Search This Blog

CCE in brief

My photo
Recovering backpacker, Cornwallite at heart, political enthusiast, catalyst, writer, husband, father, community volunteer, unabashedly proud Canadian. Every hyperlink connects to something related directly or thematically to that which is highlighted.

Tuesday 12 March 2013

Disability Training in Ontario:

In a service industry - any service industry?  Definitely worth a read.
Did you know that one in seven people in Ontario has a disability and this number will increase as the population ages? Think of how many people you interact with every day and think about how many of these people may be living with a disability.
This course will improve your interactions and communications with people with various kinds of disabilities.
Sometimes you will know a person has a disability because you can see it, but just think about how many people you have encountered who had a disability that you couldn’t see.
As a emergency responder, you tailor your communication to fit the situation. This course will provide you with tips and tools on improving your communications with people with all types of disabilities.
In this course you will learn:
  • about Ontario’s accessibility legislation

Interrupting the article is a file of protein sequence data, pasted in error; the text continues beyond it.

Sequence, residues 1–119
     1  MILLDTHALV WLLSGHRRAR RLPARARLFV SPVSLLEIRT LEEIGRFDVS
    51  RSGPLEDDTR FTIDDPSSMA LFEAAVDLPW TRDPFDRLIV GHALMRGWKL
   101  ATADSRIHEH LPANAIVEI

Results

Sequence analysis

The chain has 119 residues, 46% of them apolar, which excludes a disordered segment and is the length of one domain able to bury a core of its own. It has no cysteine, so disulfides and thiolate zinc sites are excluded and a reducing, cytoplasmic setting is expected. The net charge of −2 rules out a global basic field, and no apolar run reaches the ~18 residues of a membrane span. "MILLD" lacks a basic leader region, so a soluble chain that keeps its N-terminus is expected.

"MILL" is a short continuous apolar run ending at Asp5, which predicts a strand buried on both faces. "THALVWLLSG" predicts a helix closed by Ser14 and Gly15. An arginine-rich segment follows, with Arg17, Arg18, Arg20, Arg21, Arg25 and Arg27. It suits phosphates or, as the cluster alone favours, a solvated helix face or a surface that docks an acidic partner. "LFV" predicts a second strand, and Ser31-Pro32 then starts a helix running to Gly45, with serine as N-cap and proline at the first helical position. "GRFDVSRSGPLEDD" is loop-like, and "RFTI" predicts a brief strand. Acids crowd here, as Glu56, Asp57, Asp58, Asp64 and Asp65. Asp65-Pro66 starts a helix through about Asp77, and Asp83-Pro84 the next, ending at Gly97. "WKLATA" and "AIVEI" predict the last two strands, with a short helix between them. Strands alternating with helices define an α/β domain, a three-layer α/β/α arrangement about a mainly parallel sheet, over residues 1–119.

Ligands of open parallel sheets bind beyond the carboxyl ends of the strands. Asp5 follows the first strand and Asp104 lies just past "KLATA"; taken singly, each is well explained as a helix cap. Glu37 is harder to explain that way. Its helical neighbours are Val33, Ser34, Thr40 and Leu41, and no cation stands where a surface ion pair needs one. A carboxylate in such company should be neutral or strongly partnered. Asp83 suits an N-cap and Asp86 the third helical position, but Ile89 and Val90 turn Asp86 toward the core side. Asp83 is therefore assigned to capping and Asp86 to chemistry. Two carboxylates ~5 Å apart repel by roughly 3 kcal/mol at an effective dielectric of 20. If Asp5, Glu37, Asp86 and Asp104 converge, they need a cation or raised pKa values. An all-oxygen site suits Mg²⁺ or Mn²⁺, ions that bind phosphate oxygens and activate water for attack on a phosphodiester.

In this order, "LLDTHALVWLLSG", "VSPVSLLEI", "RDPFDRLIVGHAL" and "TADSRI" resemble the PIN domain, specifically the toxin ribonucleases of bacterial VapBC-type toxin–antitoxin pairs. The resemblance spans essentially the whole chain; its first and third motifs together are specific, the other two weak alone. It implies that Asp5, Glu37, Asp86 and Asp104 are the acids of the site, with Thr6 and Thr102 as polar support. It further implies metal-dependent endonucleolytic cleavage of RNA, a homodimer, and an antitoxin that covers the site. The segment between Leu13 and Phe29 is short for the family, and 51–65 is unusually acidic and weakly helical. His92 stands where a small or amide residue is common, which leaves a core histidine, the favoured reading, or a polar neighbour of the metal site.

• general tips for interacting with someone who has a disability
  • about different disability types and tips to communicating and interacting with someone who has a specific disability
  • where to find more information on specific disabilities
This course is designed for you, the emergency responder, and was developed by Emergency Management Ontario and the Accessibility Directorate of Ontario in consultation with a working group comprising of emergency responders and people with disabilities.
This course will also assist in fulfilling your part of the Accessibility Standards for Customer Service requirements under the Accessibility for Ontarians with Disabilities Act (AODA), 2005.
The act is a provincial law that allows the government to develop specific standards of accessibility and to enforce them. The goal is to make Ontario accessible by 2025.
The purpose of the act is to develop, implement, and enforce standards in these areas:
Photo of fire truck
  • goods
  • services
  • facilities
  • accommodations
  • employment
  • buildings
  • structures, and
  • premises.
These standards address barriers to people with disabilities in these areas.
The standards are developed by committees that include people with disabilities, and representatives of various industries and sectors. People have an opportunity to review and comment on the standard before they are completed. The standards may be adopted as regulations under the act.
The customer service standard is the first standard developed under the act. Other standards are expected to cover:
  • transportation
  • information and communications
  • employment
  • the built environment. The built environment refers to physical things like the inside and outside of buildings.

Video Player Controls

Screen reader users:
Tab into the tool bar.